Farmers with irrigators blown over and damaged in a pair of back-to-back windstorms may not get them working again this side of Christmas, according to Mid-Canterbury Federated Farmers president David Clark.
Milne, the first woman president of Feds, stepped down last month after serving her three-year term.
In her final speech at the Feds’ annual meeting, Milne said men and women bring their own perspectives and strengths to farming, neither being more important than the other.
“It’s useful to remind the rest of the country by having men and women – all working farmers – speaking for the organisation that those old newsreels of men out on the land on machinery and women confined to baking scones for the shearers is pre-war history, and even then it was a stereotype rather than the truth,” she said.
When the West Coast farmer was elected president three years ago, there was immense media attention.
However, Milne revealed that she wasn’t comfortable with the focus that the media took.
“I went with it, because it was an angle that won us air time and newspaper column centimetres, but I – and I know it’s the same with you all – have always believed that in Federated Farmers leadership, the right question is ‘what can you offer the organisation?’, not ‘what’s your gender?’.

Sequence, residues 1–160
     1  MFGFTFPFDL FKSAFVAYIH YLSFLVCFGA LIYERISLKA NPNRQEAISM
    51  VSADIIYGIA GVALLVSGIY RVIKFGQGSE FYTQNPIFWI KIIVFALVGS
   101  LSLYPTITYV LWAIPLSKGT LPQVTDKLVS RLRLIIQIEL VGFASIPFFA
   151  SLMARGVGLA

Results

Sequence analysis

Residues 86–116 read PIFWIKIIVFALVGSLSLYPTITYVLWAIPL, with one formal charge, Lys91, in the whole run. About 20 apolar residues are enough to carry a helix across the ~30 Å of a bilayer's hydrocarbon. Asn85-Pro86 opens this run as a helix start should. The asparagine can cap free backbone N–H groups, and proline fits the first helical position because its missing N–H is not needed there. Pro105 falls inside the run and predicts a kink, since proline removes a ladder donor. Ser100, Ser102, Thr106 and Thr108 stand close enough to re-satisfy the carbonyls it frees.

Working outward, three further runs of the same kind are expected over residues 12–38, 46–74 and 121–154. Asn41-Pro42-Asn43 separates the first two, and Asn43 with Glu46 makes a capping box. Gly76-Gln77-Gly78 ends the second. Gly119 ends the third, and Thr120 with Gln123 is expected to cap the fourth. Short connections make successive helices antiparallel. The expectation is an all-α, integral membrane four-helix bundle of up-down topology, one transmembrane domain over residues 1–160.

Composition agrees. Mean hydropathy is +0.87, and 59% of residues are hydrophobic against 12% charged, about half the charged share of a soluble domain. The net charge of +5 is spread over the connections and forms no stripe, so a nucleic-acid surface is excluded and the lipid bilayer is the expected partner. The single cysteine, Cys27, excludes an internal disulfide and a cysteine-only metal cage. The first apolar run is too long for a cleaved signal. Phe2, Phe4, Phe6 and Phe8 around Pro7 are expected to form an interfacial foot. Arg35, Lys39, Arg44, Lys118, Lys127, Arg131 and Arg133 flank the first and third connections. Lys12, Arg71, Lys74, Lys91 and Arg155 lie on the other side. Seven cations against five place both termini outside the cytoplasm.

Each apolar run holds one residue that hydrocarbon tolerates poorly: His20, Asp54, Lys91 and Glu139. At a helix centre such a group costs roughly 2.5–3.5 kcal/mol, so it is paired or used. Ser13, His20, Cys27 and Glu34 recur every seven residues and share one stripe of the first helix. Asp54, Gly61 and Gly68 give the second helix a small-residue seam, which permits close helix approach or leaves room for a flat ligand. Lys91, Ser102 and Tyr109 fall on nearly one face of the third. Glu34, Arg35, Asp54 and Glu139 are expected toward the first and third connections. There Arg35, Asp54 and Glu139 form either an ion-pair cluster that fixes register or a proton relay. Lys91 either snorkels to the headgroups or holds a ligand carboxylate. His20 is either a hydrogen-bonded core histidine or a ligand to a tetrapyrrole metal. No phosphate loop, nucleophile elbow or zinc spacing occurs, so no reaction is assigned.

“Nevertheless, I like to think I’ve brought my own stamp and personality to the role.
“Upon wider reflection, lately I have realised that being a woman in the role has helped other women think about stepping into leadership roles as it has proven that where in NZ you live isn’t a barrier and nor is gender.”
Milne said she received a lot of help from the public, the media and farming colleagues.
“The farmers who have picked up the phone to discuss an issue and those who have told me I’m right or wrong; the media who treated me kindly and gave me plenty of airtime to try and get key points about issues across.”
Milne believes there has been “excellent progress” bringing town and country to a better understanding of each other.
“We’ve used that phrase ‘we’re all in this together’ so well, and so often, as we’ve debated everything from global warming and water quality to biodiversity and job security that people have recognised the truth of it.
“Even town folk who no longer have any direct family connection to a farm have a better appreciation of what farmers are up against to make a living when they’re hammered by weather events, pest and disease incursions, and roller-coaster returns from an increasingly protectionist international marketplace.
“Hopefully the message that we are producing some of the world’s best and safest food, to the best of our ability while looking after the environment, given the current tools, knowledge and resources we have available, is finally getting through.”